Asian Music and Dance

The Manganiyar Seduction

Take forty-three musicians from the heart of the Rajasthan desert (handle carefully); one well-formed stage set, and 300 small light bulbs. Gradually combine ingredients together one by one, and then knead rhythmically for one hour. 

The resulting dish is The Manganiyar Seduction, directed and designed by Royston Abel. It premiered at the Barbican to a packed house – no surprise after touring worldwide for the past four years to rave reviews.

Though the piece is described as musical theatre, its concept is simple. There are no set changes, and the performers are humbly attired in traditional Rajasthani dress. There is a pleasing simplicity, too, in the way that the piece is structured. Each musician sits inside a personal cubicle, arranged in rows and stacked on top of one another. The piece begins with just one sarangi player, soon joined by a single voice. Over the remaining time, the music unfolds, gradually at first, picking up speed and energy until it reaches its dazzling, joyous crescendo. 

Abel’s striking set design was conceived as a series of windows in a red light district, where the audience watches almost as a voyeur. It does succeed in this regard, conjuring up a sense of drama and unpolished glamour. The rows of spotlights that line each compartment play a vital part too, glowing dimly until the musician within begins his part, then lighting up to perfectly complement the changing patterns in the music. 

Though the cast of performers is large, each had a chance to display their unique character. One of the stand-out performers was conductor Debu Khan, whose joyous dance-like movement provided a welcome contrast to the seated, fairly static musicians. Though his back was turned to the audience almost throughout, his sense of humour and dextrous karatal-playing evoked cheers from the captivated audience and a standing ovation by the end.

Surprisingly for a show that departs so little from a traditional Indian music concert, the audience were mostly non-Indian, and a diverse group at that. It was a real delight to watch their reactions throughout. After some sniggers at the beginning as the singers displayed some characteristic vocal gymnastics, a hush descended as the piece slowly unfolded. Each new instrument that was introduced stimulated smiles and pointing, and by the time the giant, rib-rattling dhol drum sounded out, many looked as if they were barely holding back the urge to jump out of their seats and dance.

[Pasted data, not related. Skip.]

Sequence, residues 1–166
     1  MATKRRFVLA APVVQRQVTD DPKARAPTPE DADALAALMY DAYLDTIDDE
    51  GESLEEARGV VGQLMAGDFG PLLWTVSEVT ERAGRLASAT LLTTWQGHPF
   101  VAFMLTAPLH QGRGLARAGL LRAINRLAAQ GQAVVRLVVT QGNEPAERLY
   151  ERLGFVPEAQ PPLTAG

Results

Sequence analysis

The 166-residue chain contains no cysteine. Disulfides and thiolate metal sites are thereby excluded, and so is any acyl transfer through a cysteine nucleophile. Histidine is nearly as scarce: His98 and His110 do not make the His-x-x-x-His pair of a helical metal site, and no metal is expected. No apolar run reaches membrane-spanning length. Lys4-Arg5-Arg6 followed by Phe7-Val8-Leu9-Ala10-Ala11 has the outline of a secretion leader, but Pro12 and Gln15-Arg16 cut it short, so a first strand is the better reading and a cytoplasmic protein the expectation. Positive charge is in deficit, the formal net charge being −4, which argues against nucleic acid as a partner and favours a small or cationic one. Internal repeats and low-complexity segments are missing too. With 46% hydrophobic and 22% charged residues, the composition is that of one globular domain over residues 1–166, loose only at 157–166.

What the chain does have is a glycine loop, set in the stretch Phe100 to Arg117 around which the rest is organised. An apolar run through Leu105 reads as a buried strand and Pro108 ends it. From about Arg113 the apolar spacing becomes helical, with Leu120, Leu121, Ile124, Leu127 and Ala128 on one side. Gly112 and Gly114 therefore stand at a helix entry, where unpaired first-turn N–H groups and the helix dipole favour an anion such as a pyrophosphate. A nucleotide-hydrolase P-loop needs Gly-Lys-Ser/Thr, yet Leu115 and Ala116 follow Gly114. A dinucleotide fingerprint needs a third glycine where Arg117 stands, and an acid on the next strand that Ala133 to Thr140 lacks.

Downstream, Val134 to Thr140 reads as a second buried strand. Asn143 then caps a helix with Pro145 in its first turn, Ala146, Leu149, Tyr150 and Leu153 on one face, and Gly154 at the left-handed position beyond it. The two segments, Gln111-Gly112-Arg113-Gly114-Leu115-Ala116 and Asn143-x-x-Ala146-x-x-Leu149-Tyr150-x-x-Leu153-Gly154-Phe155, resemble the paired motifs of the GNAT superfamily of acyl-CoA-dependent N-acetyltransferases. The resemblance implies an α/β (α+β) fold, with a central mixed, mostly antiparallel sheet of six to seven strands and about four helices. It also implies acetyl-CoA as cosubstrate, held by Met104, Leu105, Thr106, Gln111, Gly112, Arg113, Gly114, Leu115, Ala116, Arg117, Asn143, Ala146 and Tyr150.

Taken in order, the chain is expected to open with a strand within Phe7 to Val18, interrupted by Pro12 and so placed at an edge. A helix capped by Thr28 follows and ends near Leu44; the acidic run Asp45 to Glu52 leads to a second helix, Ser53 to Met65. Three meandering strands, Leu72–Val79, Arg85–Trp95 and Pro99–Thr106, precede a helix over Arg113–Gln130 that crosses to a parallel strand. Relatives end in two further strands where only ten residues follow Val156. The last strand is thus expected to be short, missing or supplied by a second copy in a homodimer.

As a dynamic piece of entertainment, it couldn’t be faulted, although at times I did wonder if the artificial separation of the musicians created a certain stiffness. Part of the joy of watching music performance is seeing the lively interaction between the musicians. This presentation seemed to stifle that somewhat, especially considering the raw, bursting energy of the music. I also considered whether for performers coming from such a spontaneous tradition, playing the same hour-long piece, night after night, might be equally stifling.

The performance came to a poignant close with a speech by Abel, who joked that the musicians – forty-two Muslims with the last name ‘Khan’– caused a great deal of concern at every airport they passed through. Considering the recent blockbuster success of My Name is Khan and the lead character’s similar dilemma, this is still a very sensitive issue. But Abel stressed that leaving aside religion, the spiritual passion behind the music is tangible and universal. He closed by inviting the only Hindu member of the troupe to lead the group in a lilting love song dedicated to Lord Krishna. As the choir of voices swelled, pulsating with romance, heart and soul, I think this message was wonderfully conveyed.



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